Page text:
The Banque du Liban has issued (7th December) new 100,000-livre banknotes (U.S. $70.00) which mark the Middle Eastern country’s 100th anniversary of establishing the state of Greater Lebanon, that was recognised on the 1st September 1920. The banknote was unveiled in September outlining the security features and design. The five provinces that constituted what is today modern Lebanon came under France’s influence after the end of the First World War. This resulted from the collapse of the Ottoman Empire to which the territory was once part of for more than 400 years. The French mandate expanded the territory further, which resulted in greater numbers of very diverse communities and religious beliefs.
During the Second World War, Lebanese elections were held in 1943 and on the 8th November, in which the new Lebanese government unilaterally abolished the French mandate to govern the country. As part of France was occupied by Germany, the Vichy government first arrested the new government and then under allied pressure released them all days later. Upon independence being declared in 1943, Lebanon established a unique confessionalist form of government. This government system is a de-jure mix of religious and party politics due to the diverse communities now living within the geopolitical state. Lebanon’s independence was finally recognised by the United Nations Charter’s ratification on the 24th October 1945, since Lebanon was, in fact, a founding member. The French mandate was declared legally terminated on that day, and the last French soldiers left the country in December 1946.
The new banknotes are printed on polymer and incorporate new sophisticated technology such as CINEMA and VIVID, with both elements adding greater security to the banknotes. The CINEMA feature creates 3-D and moving image effects within the core polymer material, the substrate of the banknote, before any printing and additional features are added. The CINEMA application is available only with the company’s Guardian polymer substrate, which is used to print more than 160 denominations and commemorative banknotes around the world.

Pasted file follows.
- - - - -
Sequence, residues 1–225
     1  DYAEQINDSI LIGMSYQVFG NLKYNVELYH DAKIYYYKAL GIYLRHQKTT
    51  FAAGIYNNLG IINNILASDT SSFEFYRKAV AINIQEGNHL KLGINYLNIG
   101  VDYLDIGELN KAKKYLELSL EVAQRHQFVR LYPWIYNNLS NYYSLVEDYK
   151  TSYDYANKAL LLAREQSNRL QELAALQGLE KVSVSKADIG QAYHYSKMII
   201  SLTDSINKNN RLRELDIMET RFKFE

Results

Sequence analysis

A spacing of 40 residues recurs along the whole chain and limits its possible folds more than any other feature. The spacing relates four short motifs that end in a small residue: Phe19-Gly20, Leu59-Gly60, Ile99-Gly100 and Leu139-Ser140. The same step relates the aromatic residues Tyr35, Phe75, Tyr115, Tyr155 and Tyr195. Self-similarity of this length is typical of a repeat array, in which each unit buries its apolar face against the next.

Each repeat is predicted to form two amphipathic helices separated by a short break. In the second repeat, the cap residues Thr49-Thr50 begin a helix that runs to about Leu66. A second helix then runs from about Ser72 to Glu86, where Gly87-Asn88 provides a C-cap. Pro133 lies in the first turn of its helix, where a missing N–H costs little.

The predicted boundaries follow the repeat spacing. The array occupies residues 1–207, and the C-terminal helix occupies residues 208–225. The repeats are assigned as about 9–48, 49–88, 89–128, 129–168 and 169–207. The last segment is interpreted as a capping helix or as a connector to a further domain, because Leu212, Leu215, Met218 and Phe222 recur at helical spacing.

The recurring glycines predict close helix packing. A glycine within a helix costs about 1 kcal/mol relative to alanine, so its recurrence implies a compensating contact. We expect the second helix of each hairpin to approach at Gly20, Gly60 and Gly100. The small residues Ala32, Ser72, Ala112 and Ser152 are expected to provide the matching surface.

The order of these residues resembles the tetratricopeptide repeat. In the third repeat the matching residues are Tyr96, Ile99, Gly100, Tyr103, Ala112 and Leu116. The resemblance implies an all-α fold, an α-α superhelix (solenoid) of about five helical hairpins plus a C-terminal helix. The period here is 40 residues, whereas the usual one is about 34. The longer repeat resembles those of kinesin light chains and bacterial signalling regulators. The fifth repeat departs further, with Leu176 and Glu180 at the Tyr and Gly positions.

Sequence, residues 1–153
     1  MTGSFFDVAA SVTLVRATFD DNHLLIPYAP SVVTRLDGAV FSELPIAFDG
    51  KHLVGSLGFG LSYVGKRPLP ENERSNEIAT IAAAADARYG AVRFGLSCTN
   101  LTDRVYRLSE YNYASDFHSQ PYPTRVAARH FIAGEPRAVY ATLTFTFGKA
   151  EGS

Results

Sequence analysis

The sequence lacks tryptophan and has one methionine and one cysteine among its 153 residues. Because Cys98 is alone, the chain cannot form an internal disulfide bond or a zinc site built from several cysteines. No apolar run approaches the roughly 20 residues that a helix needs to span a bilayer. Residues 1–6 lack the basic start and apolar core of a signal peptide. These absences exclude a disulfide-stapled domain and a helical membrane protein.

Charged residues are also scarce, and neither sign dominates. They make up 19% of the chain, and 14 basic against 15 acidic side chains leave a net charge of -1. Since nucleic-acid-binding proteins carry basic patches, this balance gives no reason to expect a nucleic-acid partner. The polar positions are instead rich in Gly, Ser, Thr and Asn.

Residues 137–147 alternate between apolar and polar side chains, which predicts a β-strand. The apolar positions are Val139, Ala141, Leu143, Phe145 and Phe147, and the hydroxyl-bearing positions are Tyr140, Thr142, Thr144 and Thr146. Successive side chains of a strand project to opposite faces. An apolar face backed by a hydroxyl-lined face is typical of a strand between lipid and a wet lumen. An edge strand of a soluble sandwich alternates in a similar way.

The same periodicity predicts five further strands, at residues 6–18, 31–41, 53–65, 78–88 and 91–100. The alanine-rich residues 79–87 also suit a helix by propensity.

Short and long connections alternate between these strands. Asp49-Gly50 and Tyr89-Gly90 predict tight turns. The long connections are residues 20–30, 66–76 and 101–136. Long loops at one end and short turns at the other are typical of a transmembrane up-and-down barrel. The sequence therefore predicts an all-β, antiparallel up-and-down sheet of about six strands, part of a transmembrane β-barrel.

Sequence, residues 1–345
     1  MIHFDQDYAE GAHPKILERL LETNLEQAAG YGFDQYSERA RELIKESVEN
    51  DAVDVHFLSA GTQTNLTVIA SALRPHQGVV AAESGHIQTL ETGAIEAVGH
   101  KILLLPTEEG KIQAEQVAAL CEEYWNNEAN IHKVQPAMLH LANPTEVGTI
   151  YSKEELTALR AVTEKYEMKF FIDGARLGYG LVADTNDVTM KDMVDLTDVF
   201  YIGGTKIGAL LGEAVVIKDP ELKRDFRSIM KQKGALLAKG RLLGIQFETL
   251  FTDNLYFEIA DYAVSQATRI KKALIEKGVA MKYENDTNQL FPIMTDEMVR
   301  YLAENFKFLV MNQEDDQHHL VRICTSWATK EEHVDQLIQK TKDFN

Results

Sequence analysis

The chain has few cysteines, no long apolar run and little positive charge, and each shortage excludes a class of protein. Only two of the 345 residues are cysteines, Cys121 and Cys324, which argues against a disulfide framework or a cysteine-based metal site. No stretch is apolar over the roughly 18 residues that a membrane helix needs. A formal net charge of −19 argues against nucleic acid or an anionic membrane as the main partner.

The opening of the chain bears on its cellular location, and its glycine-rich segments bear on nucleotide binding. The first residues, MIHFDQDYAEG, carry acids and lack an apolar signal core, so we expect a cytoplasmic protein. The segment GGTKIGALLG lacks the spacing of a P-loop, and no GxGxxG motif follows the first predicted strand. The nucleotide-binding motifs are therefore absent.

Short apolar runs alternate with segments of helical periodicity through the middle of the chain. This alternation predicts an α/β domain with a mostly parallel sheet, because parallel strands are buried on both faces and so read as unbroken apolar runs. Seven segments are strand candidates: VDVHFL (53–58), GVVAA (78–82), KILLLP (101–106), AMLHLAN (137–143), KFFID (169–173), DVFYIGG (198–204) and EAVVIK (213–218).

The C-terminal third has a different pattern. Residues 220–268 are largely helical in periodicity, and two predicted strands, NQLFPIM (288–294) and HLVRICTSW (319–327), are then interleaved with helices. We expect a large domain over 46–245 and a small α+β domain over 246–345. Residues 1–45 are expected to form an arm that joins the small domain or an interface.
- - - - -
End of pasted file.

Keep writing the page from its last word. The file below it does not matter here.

Measuring 147 by 82 millimetres, the banknotes retain their dominant green colour and multi-colour corresponding under-print as seen with previous issues of this denomination. The note’s face side is dominated by images from Beirut’s Parliament Square, known as “Nejmeh Square,” a national symbol of independence. Also depicted is the entrance to St. John’s Church in Byblos.
The back side of the note is thematic of the sea and includes an image of the Raouche Rocks. To the right of the rocks is an image of a Phoenician ship. The Phoenicians were famed in antiquity for their ship-building skills and were credited with inventing the keel. Above the ship is the inclusion of the official anniversary logo comprising the numeral 100 and a cedar tree.
Produced by Poland’s Security Printing Works on behalf of the Banque du Liban, the primary security elements include:
CINEMA — a new security feature has been applied to the new commemorative notes to make polymer banknotes even more secure. The application is seen on the front at the entrance to St. John’s Church and in the shape of an arch, which includes the numeral 100, depicts moving illustrations, and the years 1920 and 2020 when the note is tilted.
Window — a transparent window in the shape of a cedar evergreen, which is also the national emblem of Lebanon, is placed on the right side and shows light imagery of the pine cedar within the shape.
VIVID Colour — this security application transforms the cedar tree element from white to full colour when seen under UV Light.
Tactile print — located on the upper-left and right corners on the face side, a series of five horizontal lines is included as a means of identifying the banknote by visually impaired persons.
Watermark — embedded into the polymer substrate and positioned to the upper-right half, the numeral 100 can be seen as a watermark application when the note is held up to a light source.
The commemorative banknotes are released and intended to circulate alongside the 2012-dated paper banknotes. For additional information about this banknote and other banknotes and coins in use in the Republic of Lebanon, please visit the website of the Banque du Liban.